In that basement in 2000, while our classmates were collapsing into their desks after lunch, and our teachers were rolling their eyes at our absence, my friends and I sat captivated by the opening scene of the film. Not just the striking colors but the song that many of us remembered, though we hadn’t thought about it in years. When “Back to Life” first came out, many of us were just beginning to understand the ways that music could appear everywhere, and the song—in its non–a cappella form—was everywhere. On the bus to my elementary school, the bus driver would play the radio to drown out the noise of small, restless children, and I sat in the back of the bus, humming the chorus to “Back to Life.” With my head down on my desk as a seven-year-old during school-sanctioned nap time, I’d hear my teachers humming along to “Back to Life,” playing on loop in their own heads as it had begun to play in mine. Once, in the hallway, during the silence of one of our tornado drills, it could be heard faintly trickling out of someplace in the school where someone had taken a break and forgotten to turn their radio off.

It is one of the first songs I can associate with specific memories, and the first song I could define as a hit, even if I didn’t know what a hit was, beyond something that is so consistent in its appearance that it has no choice but to embed itself across spectrums, moments, and generations.

When I first watched Belly, I was captivated by its resurfacing. I was doing a bad thing while watching the bad men preparing to commit a bad crime, soundtracked by a song I’d loved once but hadn’t thought to play in years. And, when the guns are drawn and the bright orange fireworks spread out of their barrels, the familiar beat of “Back to Life” fully drops just as a woman is shot backward through a glass window and falls to the club floor below.

Through our youthful excitement, we didn’t hear the door opening. We didn’t notice the parent, home from work on a lunch break, standing at the top of the stairs, waiting to carry us back to school on a wave of curses. I didn’t watch past the opening scene of Belly until two years later, when I skipped a college class.


In September 2000, Xenia was hit with another tornado. It was the second one that had hit the town since ’74. The 2000 tornado followed a similar path through town as the one in 1974. It was not as destructive, but after the town had endured three tornadoes in less than thirty years, the accumulation of anxiety, fear, and grief weighed just as heavily as the damage. The 2000 tornado killed one person, and injured over a hundred.

In 2000, there wasn’t much warning. The storm knocked the city’s power supply out and the sirens purchased after the 1974 tornado didn’t have backup power. Only one of the five sirens went off, faintly. The rest were silent. No warning but for the sky itself.


Columbus gets about one tornado scare per summer. Not every summer, of course, but most of the ones I’ve been alive. I remember them from when I was a teenager, mostly. The sky would go suddenly dark, and the sirens would begin to wail. When it’s not a Wednesday, you hear the sirens. Some parent would call their kids inside, and the rest of us would follow, going to our respective homes and staying away from the windows.

The scares vary, from severe to forgettable. Once, two years ago, I had to retreat to the basement of my apartment building after the sirens lingered and repeated for nearly twenty minutes. People outside my window went from walking gingerly to fleeing for cover. This year, it happened about three weeks ago. Late at night, while my partner and I had people over, the sirens began. At first, the guests started slowly gathering their things, but continued casually conversing. By the time the second siren went off, there was a hastening, and our guests shuffled out the door.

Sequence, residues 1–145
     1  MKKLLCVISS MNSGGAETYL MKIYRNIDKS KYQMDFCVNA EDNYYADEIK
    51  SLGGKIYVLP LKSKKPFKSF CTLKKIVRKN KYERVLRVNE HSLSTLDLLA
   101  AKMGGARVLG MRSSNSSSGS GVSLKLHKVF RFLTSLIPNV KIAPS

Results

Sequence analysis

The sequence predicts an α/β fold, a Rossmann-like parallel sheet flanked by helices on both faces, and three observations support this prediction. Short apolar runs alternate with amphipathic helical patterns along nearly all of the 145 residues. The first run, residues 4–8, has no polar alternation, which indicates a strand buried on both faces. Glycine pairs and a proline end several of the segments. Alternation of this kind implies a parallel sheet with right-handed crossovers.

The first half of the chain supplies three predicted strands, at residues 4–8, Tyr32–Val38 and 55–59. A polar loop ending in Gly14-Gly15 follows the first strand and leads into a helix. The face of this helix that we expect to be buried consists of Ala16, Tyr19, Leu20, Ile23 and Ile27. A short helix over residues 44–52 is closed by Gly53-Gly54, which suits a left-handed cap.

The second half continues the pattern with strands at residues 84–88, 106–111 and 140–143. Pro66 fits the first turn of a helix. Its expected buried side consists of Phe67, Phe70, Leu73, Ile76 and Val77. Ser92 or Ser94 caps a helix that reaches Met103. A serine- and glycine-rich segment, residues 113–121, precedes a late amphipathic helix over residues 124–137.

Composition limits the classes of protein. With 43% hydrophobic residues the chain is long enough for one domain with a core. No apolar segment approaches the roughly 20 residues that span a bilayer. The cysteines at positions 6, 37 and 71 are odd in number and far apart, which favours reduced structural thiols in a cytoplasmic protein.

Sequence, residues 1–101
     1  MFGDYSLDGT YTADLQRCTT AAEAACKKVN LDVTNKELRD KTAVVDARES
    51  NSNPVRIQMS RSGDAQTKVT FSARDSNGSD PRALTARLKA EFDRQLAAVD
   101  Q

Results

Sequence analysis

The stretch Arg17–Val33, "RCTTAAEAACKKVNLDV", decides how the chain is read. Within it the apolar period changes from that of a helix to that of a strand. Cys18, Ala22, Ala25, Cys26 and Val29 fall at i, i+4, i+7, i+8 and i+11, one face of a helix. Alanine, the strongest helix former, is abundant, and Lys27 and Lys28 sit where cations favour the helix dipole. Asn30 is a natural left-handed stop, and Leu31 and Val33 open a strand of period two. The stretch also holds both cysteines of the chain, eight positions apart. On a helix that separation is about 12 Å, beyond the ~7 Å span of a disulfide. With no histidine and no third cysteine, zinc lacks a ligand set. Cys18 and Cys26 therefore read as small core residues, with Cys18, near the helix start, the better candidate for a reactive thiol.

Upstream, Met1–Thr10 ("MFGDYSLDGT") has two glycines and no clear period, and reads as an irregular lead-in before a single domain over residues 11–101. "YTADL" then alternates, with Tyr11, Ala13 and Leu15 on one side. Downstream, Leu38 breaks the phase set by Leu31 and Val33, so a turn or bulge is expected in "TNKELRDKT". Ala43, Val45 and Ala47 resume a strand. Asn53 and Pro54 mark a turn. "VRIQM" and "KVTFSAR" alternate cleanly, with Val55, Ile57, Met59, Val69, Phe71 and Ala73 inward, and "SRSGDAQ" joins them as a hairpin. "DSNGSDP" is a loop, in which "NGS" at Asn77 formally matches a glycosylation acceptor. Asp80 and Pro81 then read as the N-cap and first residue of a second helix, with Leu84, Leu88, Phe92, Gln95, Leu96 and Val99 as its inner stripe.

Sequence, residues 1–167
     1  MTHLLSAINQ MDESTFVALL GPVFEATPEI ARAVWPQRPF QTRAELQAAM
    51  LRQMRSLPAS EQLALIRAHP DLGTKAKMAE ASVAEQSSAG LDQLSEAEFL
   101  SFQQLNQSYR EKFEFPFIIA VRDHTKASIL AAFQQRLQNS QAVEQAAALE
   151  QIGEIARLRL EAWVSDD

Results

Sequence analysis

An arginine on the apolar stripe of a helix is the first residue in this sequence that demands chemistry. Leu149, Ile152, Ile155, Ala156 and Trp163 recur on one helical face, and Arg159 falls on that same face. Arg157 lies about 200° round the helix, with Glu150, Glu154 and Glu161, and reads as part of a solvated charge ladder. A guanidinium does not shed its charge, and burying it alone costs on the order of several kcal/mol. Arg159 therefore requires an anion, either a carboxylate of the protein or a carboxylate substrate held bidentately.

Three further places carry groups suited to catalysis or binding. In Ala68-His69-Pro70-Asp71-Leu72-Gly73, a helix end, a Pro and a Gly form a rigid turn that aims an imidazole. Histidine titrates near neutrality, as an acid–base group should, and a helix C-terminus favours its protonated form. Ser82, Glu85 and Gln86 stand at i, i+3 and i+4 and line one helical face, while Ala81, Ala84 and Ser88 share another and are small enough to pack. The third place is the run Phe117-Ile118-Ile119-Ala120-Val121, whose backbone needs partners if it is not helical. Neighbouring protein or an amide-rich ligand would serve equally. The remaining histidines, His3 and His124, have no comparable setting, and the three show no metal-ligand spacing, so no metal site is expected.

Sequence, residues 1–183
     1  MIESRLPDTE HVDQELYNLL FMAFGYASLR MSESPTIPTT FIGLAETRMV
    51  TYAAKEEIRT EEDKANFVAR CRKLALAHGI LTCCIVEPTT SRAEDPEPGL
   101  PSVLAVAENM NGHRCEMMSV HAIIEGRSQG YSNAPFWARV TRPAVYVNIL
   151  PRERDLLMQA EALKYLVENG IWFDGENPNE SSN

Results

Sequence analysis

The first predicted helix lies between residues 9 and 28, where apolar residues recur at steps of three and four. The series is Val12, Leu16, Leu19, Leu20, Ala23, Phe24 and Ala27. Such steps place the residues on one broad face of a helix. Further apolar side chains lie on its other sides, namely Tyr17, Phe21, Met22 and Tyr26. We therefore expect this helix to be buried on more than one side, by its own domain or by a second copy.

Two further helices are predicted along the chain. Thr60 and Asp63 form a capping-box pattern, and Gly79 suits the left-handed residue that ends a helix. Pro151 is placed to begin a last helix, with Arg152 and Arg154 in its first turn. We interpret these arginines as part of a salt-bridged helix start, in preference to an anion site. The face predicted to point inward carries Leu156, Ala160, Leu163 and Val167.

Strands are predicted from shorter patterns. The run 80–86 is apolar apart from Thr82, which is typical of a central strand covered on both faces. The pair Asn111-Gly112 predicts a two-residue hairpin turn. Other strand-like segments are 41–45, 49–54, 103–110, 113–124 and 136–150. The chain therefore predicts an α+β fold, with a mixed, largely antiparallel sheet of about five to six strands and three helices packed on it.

My partner is spending her first full summer in Columbus. She is from a place where tornadoes rarely happen. So rarely that there isn’t a warning system in place. As the sirens repeated, and got louder and longer, her anxiety grew. It was a reasonable anxiety, of course. What will we do if a tornado hits? What’s our plan? Should we leave here and go somewhere safer? 

It wasn’t comforting for her to hear that this happens all the time. Nearly every summer. Be concerned, but not all that concerned. There’s no good way to describe the weight of a threat to someone who has never encountered it before. If you know violence only from a distance but have never seen it dismantle a place you love, it can be difficult to comfort someone who fears its arrival. We eventually fell asleep, and woke to the news of a tornado tearing through Dayton, a city only fifty minutes from where we live.

I have been thinking about the value of warnings. How, in my case, I know that something bad is coming from the silence and the stillness. I am trying to honor the warnings that come carried on the back of noise, but life has taught me to be most concerned when a room doesn’t move, or when someone I love stops talking and stares off into the distance. It is why I remain so struck by the opening frames of Belly, which drag along at a glacial pace, backed by a song stripped of its most familiar noise. The quiet is how I know someone, somewhere, is up to no good.


To say that the people of Xenia are resilient is true, of course. Many have rebuilt and rebuilt again, rediscovering their roots and maintaining a warmth and generosity in the process. There are those who have stayed for generations and will stay for many more. But I’ve also got it in me to want people to be defined by more than what they’ve been through. I want places to be defined by more than what’s happened to them. Back in the early aughts, my pals and I would stop in Xenia on the way to shows in Dayton, or Indianapolis. We’d grab food and make good conversation with local folks. I’ve held hands walking along Xenia’s covered bridges with someone I once loved. I’ve grabbed handfuls of strawberries at the Jackson Farm Market. None of this erases the past of a place. But the people who live there deserve to be affixed to something beyond tragedy. A soundtrack of their own making, until some other noise consumes it.


Hanif Abdurraqib’s monthly column, Notes on Pop, muses on the relationship between songs and memory. Read more here. 

Hanif Abdurraqib is a poet, essayist, and cultural critic from Columbus, Ohio.